“It’s all about accommodation. The railroad pretty much calls the shots in small towns like ours. Money talks,” Denton said, lifting his hand to the side of his face and rubbing his thumb back-and-forth against the tips of his four fingers. “If your town’s lucky enough to be touched by the magic wand of the iron rail, it can’t help but grow.”
“And?” Kerrian said, squinting at his visitor.
“And, if the railroad decides to pull up stakes and leave, bad things happen. Those places just die up. They wither away. Become ghost towns. We fought long and hard to attract the railroad. Mecklin is the lead detective, with a long record of success and he pretty much can do what he wants because he has brought bad people to justice and recovered thousands of dollars in stolen gold.”
“What’s your end game, sheriff?”
“I don’t want him turned loose to do as he pleases.”
“So, don’t let him.”
“Easier said than done, Detective Kerrian. The town council has pretty much told me to butt out. Or, if I do butt in, to let Mecklin call the shots and not interfere in a way that puts the town at risk of looking uncooperative in the eyes of the railroad.”
Kerrian didn’t say anything, and closed his eyes. Seconds later, he opened one eyelid and squinted, and then opened the second one, seeming to bring Denton into sharp focus. The movement of the eyelids reminded Denton of a couple of windows opening.
“My intuition tells me you’re not going to allow Mr. Mecklin to have his way, no matter what the risk. No matter what the consequences.”
“Is that your advice?”
“You don’t need advice, sheriff. You just needed to hear the words out loud.”
A smile played on Will Denton’s lips.
“Reckon you’re right about that, Detective. My town. My rules.
A door to another room opened, and a gentle-looking woman smiled at Denton, and nodded to her husband, who glanced at his pocket watch.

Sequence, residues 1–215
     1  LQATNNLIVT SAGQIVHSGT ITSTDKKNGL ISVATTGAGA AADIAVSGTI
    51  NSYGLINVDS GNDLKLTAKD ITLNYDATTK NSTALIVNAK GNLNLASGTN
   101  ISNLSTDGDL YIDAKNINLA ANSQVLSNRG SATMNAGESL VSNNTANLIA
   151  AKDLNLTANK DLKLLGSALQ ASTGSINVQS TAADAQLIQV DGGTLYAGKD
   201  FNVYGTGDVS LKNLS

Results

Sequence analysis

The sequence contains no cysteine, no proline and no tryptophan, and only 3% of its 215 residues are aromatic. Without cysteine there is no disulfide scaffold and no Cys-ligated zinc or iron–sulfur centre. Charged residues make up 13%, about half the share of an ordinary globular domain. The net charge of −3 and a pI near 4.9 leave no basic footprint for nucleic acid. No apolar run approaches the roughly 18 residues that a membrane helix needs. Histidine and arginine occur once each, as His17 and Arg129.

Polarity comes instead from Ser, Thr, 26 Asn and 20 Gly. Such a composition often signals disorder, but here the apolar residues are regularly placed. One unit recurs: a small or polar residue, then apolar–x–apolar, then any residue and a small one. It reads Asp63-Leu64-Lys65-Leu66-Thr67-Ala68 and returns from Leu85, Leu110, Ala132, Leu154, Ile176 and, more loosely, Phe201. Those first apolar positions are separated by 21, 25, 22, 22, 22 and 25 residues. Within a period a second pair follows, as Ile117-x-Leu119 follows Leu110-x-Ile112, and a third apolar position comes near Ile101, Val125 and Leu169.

“Will, we’d like you to join us for a home-cooked meal and a glass of sweet tea. And, one of Sheila’s wonderful desserts, of course. Would you do us the honor?”
Denton stood up, unbuckled the gun belt, and draped it over the arm of the chair.
“Best offer I’ve had today, Charlie.”
# # #
Thanks to Will Denton (aka Tom Rizzo) for stopping by Kerrian’s Notebook and giving us a glimpse into the life of a cop from another century. If you have any questions for Tom, please leave them in the comments. Tom posts some great articles about the West, so be sure to look for him online.
About the Author:
A passion for 19th century American history, Tom’s debut novel—LAST STAND AT BITTER CREEK—includes several elements of historical fact. The novel was a finalist for the Western Fictioneers Peacemaker Award for Best Western First Novel.
His second book is entitled HEROES & ROGUES: THE GOOD & THE BAD OF THE AMERICAN WEST.
His writing journey has taken him from radio and television news reporting to the Associated Press, where he worked as a correspondent, followed by several years in advertising and public relations.
He grew up in central Ohio, lived in Great Britain for several years, and now calls Houston, Texas, home.
Tom is a member of Western Writers of America, Wild West History Association, and Western Fictioneers.